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A Stitch in Time

French woman knitting, circa 1801
(as seen on Dames a la Mode

If you are like me and many of my friends, you just can’t relax for long without a colorful strand of yarn threaded through your fingers and a project to knit or crochet.

Hand knitting and crocheting, used to make sweaters, blankets and other protective clothing, were once necessary skills. It was economical to be able to weave strands of wool or yarn into fabric without a loom. The difference between the two crafts is slight – knitters typically use two needles to make their projects while crocheters use a single hook. Today knitting and crocheting are regarded as hobbies - still practical but also satisfying, with a social element thrown in. You can find knitting and crocheting circles in almost every city or region, proof that the practitioners of these crafts like to chat as they work.

Both knitting and crocheting existed during the Regency, though depictions of fashionable ladies enjoying these pastimes are rare. Accomplished young ladies were expected to learn fine needlework skills such as embroidery, along with music, watercolor painting, dancing and a few French phrases to sprinkle in conversation. The humbler skill of knitting wool into fabric for warm clothing was most likely left to the lower classes.

"The Knitting Woman," by William-Adolphe Bouguereau
(Courtesy of Wikimedia Commons)

Of the two crafts, knitting is older, probably by a few centuries. The earliest known pieces of knitting appear to have come from Egypt, between the 11th and 14th centuries. These pieces consist of many types of clothing, including stockings.

Indeed, stockings were a common knitted item in the American Colonies. During the Revolutionary War, Martha Washington is said to have organized groups of knitters, urging them to produce bandages and stockings for the soldiers. One wartime knitter, named Mrs. Eliot, incorporated the date 1776 into the socks she knitted.

The patriotic urge to knit socks for soldiers emerged again during World War I, as evidenced by this wartime poster.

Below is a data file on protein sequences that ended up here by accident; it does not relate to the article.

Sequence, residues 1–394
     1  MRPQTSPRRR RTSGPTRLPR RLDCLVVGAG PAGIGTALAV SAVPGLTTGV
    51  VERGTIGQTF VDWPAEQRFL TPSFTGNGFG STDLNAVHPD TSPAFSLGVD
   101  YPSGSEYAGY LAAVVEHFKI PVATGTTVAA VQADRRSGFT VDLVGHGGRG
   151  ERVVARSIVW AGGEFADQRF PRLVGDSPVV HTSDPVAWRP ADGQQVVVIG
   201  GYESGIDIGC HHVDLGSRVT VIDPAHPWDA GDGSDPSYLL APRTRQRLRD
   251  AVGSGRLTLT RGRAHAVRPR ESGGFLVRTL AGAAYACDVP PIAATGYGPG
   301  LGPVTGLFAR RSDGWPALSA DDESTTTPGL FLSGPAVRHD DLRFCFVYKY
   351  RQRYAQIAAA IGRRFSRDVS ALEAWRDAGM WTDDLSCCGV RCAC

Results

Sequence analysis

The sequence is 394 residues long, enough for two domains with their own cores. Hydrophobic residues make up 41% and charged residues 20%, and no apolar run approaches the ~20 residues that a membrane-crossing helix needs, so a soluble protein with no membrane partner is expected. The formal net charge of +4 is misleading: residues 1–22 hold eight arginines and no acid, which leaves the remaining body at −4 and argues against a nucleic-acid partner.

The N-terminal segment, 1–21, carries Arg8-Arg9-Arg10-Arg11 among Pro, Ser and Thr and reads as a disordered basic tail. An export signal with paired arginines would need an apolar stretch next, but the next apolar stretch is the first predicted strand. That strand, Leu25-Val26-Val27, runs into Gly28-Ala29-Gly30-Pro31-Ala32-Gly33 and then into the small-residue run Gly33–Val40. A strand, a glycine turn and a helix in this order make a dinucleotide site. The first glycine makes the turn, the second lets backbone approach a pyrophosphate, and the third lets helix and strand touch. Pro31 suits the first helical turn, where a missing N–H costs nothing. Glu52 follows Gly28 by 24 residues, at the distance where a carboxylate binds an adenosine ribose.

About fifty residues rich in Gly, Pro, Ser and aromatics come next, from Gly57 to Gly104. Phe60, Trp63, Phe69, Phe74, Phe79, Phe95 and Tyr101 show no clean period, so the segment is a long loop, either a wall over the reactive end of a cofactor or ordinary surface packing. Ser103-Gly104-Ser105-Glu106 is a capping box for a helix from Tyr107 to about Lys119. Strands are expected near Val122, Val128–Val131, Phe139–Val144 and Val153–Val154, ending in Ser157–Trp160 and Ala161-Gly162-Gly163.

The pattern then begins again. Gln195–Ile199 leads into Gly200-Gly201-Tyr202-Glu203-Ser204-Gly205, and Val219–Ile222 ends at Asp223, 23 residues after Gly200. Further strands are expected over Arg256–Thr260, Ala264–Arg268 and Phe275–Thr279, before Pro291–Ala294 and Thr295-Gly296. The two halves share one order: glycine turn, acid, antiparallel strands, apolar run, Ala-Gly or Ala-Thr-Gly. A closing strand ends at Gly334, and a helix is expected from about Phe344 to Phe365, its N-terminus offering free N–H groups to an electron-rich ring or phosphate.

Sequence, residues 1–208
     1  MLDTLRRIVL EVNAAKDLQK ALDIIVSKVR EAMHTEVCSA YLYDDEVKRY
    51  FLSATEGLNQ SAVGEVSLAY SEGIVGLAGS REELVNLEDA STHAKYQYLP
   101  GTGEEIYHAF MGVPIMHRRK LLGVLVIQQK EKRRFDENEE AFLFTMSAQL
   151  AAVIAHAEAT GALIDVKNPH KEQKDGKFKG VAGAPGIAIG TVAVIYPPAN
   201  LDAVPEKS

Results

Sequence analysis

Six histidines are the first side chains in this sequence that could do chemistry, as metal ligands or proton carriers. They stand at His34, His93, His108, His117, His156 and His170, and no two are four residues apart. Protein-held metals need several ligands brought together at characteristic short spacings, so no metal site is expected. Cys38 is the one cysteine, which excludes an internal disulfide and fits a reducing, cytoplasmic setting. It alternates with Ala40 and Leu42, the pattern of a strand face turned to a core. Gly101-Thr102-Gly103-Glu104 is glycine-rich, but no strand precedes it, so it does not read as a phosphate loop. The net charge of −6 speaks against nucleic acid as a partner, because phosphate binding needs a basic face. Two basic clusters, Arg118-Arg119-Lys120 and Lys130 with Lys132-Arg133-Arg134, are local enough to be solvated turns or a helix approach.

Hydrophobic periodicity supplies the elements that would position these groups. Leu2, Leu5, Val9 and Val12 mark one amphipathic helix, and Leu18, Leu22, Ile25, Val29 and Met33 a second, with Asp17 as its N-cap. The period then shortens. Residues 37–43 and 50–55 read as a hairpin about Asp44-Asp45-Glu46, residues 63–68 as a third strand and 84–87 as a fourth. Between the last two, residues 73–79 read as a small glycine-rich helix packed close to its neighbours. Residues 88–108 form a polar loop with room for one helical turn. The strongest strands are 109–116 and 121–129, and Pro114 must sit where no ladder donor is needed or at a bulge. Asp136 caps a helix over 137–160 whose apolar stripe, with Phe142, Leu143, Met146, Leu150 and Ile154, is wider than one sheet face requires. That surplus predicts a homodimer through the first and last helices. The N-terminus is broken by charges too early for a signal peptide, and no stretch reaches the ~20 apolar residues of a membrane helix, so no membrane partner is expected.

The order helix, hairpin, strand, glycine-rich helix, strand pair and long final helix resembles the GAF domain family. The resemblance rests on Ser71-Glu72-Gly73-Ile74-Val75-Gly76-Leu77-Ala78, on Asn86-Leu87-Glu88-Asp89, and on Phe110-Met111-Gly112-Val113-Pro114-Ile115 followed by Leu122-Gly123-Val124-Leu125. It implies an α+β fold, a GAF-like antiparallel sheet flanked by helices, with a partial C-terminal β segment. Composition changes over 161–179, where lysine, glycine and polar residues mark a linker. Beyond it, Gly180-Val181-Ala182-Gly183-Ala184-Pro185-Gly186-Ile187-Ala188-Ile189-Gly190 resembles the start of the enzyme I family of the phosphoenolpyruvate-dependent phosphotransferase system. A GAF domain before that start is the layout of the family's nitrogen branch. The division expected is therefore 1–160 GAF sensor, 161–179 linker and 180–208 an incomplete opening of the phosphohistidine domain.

Image courtesy of Wikimedia Commons

And who can forget literature’s nastiest knitter, Madame Defarge in Charles Dickens’s A Tale of Two Cities? During the French Revolution she not only knitted as she watched the guillotine do its grisly job, she also wove the names of the victims into her work. She was definitely a whiz with her knitting needles, even if she was sinister.

Illustration of Madame Defarge knitting
during the French Revolution (The Telegraph)

The art of crochet is more recent. It appears to have sprung fully formed from the pages of ladies’ magazines in the early 19th century, during our Regency period. The first reference in writing to crochet showed up in 1812. In her book, The Memoirs of a Highland Lady, Elizabeth Grant talks about “shepherd’s knitting” as a way to use homespun wool to make items of warm clothing like hats, drawers (underwear) and waistcoats.  An old comb was fashioned into a hook for this work.

There is some evidence that lace making in earlier centuries was a predecessor to crochet. Another theory is that crochet may have evolved from “tambour work,” a type of embroidery done with a hook in 18th century France. The term “crochet” in the early 19th century was spelled as either “crotchet” or “crochet” until about 1848, after which “crochet” was the accepted spelling.

"Woman Knitting," painted by Francoise Duparc, 1726-1778
(as seen on Two Nerdy History Girls blog

No matter how you spell it, crocheting, like knitting, is a popular hobby, fun as well as useful. I suspect that women during the Regency period, like women during the centuries before and after, enjoyed keeping these arts alive for the benefit of the generations that followed. I’ll think of them the next time I crochet a dishcloth or knit a scarf.

Sources for this article include:

  • “Knitting History,” from the Knitting Guild Association website
  • Kooler, Donna, Encyclopedia of Crochet, Leisure Arts. Inc. 2002
  • Madame Defarge: My favourite Charles Dickens character“, February 5, 2012, The Telegraph, Telegraph Media Group


  1. A good read, Maureen! And I learned something--again! I wonder where tatting fits into the scheme of things. Thanks for another enjoyable article. xo Jennifer

  2. I'm glad that our generation and the generations to come will have this tradition to keep alive and to keep them happy. It truly is a very productive and relaxing pastime, as well as an important way to socialize.

    - Momma Cat

  3. Very significant Information for us, I have think the representation of this Information is actually superb one. This is my first visit to your site. Woman knitwear


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